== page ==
A security expert is taking Microsoft Corp. to task for what he says is a deliberate effort to downplay the severity of a newly discovered vulnerability in Internet Explorer.
Microsoft on Wednesday released a cumulative patch for IE, which also fixes a new flaw that the company said could allow a Web site to access information on users machines.
The company rated the vulnerability as "moderate" and said that attackers could read, but not change, files on a vulnerable machine or run without parameters an executable file already present on the computer. However, a well-known security researcher on Thursday posted a message to the BugTraq mailing list disputing Microsofts assessment of the vulnerability, saying that the flaw is much more severe than the company let on.
"Microsoft has given this vulnerability a maximum severity rating of moderate. Great, so arbitrary command execution, local file reading and complete system compromise is now only moderately severe, according to Microsoft," wrote Thor Larholm, a Danish security researcher with PivX Solutions LLC, a Newport Beach, Calif., security consultancy.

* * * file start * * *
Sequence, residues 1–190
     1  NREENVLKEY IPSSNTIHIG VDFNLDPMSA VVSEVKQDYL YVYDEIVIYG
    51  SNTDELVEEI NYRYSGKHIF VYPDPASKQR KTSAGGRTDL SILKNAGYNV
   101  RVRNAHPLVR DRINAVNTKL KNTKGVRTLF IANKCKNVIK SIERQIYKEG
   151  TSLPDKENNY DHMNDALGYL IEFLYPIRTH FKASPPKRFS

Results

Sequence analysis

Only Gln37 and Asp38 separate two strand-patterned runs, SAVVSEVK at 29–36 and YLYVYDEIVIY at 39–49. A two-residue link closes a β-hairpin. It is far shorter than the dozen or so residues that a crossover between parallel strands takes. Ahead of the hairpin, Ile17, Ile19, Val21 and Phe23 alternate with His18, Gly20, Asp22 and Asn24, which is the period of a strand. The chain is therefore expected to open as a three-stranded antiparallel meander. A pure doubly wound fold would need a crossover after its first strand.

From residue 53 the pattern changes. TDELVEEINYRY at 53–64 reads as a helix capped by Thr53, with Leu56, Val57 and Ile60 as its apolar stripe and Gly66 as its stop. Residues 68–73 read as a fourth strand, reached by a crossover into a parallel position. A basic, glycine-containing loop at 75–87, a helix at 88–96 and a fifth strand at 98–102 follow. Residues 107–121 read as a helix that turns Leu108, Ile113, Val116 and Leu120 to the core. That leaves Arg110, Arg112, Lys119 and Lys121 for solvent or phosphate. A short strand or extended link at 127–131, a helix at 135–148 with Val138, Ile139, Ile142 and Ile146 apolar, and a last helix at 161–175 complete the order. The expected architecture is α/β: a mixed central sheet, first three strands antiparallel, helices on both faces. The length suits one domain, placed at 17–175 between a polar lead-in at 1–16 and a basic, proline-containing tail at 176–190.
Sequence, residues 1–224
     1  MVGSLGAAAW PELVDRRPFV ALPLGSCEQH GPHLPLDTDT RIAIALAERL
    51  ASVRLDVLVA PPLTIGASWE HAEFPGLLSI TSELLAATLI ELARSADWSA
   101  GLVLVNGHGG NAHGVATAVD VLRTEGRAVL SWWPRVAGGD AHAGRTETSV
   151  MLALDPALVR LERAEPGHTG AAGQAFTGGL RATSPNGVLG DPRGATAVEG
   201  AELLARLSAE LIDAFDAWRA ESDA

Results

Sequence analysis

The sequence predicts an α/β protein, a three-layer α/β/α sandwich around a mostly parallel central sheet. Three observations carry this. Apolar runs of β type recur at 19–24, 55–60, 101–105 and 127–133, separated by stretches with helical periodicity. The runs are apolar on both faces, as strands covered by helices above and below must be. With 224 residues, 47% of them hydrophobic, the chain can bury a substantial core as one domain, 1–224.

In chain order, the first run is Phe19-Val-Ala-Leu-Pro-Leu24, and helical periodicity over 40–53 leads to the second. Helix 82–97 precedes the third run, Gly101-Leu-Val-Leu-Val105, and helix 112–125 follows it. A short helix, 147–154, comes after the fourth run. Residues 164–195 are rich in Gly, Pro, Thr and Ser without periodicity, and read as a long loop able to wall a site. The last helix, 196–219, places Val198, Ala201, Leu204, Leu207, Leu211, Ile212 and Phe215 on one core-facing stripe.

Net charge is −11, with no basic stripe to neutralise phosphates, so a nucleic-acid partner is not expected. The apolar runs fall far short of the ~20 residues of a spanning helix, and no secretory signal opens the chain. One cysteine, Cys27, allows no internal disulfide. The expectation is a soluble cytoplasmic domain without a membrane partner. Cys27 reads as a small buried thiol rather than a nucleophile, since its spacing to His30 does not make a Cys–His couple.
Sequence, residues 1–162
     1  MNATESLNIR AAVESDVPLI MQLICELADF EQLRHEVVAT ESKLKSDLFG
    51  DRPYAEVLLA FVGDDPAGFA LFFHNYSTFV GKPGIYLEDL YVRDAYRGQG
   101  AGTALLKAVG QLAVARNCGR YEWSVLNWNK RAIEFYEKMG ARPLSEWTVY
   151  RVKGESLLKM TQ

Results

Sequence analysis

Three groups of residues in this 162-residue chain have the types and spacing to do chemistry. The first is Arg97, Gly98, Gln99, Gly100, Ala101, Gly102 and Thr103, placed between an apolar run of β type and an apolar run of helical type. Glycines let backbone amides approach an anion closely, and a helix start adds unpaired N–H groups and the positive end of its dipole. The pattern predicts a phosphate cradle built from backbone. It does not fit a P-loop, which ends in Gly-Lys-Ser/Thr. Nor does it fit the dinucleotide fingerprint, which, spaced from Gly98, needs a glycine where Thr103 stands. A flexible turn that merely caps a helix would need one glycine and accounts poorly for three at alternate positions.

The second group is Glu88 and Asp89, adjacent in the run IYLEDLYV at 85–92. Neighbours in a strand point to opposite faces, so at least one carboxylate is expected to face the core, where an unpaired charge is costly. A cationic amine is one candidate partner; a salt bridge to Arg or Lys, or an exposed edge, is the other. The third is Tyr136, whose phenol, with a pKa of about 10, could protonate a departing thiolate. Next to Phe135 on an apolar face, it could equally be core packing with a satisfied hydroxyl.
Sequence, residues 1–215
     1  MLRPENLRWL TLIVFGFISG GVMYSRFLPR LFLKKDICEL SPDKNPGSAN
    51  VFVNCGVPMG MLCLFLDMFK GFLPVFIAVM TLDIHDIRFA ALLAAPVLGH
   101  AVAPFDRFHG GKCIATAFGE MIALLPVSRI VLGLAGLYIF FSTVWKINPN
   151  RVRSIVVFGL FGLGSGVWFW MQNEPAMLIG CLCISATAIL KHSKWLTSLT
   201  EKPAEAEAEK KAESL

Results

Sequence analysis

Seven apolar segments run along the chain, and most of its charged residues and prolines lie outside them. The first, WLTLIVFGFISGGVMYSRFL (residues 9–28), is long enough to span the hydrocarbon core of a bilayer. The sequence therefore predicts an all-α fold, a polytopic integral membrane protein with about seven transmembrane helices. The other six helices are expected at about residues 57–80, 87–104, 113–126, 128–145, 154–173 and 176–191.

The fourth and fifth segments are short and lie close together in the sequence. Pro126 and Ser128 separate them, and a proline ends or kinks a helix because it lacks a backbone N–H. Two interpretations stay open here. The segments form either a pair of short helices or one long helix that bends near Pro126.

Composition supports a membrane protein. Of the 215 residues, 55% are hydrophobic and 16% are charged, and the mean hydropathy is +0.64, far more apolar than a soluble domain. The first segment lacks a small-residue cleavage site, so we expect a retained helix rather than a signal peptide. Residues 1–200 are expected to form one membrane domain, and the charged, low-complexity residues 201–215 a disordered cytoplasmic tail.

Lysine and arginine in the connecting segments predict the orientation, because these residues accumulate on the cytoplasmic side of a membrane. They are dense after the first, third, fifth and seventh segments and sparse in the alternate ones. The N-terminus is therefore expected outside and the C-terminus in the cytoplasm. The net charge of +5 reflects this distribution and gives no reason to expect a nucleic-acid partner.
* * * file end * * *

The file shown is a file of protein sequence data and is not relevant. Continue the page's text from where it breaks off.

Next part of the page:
Larholm asserts that, contrary to the description of the problem in Microsofts advisory, an attacker exploiting the new vulnerability can actually modify files on the local machine, place arbitrary files on it and run any executable found on the machine with or without parameters.
Microsoft officials say they havent been able to reproduce Larholms results.
"We did take this particular issue into consideration, but at this point we havent found a way to do what hes talking about," said David Gardner, security program manager at the Microsoft Security Response Center in Redmond, Wash. "We try to do the best we can to get the right severity rating. But the first thing to realize is that applying the patch takes care of the problem."
The vulnerability, present in IE 5.5 and 6.0, is in the browsers cross-domain security model. The software performs incomplete security checks when certain object caching techniques are used in Web pages.
An attacker could exploit the flaw by either sending the malicious code to the user in an HTML mail message or luring the user to a Web page containing the code.
Larholm is well-known in the security community, mainly for his research on vulnerabilities in IE. He keeps a running list of the known, unpatched flaws in the browser, a tally which currently stands at 18.
Microsoft on Nov. 20 released another cumulative patch for IE that contained fixes for six new vulnerabilities. Larholm argues in his posting to BugTraq that Microsoft soft-peddled the most recent cumulative patch in order to avoid bad press.
"It seems that Microsoft [is] deliberately downplaying the severity of their vulnerabilities in an attempt to gain less bad press," he wrote. "It sure would look bad to release two critical cumulative updates in just two weeks, but that is exactly what has been done."
Five of the vulnerabilities in the Nov. 20 update are in fact rated "important," which is one step below the most severe rating of "critical."